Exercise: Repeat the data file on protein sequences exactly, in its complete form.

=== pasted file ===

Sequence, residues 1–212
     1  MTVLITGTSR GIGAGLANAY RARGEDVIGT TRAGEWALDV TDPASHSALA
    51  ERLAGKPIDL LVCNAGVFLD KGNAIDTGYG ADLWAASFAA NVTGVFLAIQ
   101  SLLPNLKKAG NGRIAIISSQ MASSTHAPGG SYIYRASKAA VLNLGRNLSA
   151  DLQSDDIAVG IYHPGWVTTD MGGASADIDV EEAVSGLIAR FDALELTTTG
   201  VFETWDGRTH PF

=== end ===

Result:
Sequence, residues 1–212
     1  MTVLITGTSR GIGAGLANAY RARGEDVIGT TRAGEWALDV TDPASHSALA
    51  ERLAGKPIDL LVCNAGVFLD KGNAIDTGYG ADLWAASFAA NVTGVFLAIQ
   101  SLLPNLKKAG NGRIAIISSQ MASSTHAPGG SYIYRASKAA VLNLGRNLSA
   151  DLQSDDIAVG IYHPGWVTTD MGGASADIDV EEAVSGLIAR FDALELTTTG
   201  VFETWDGRTH PF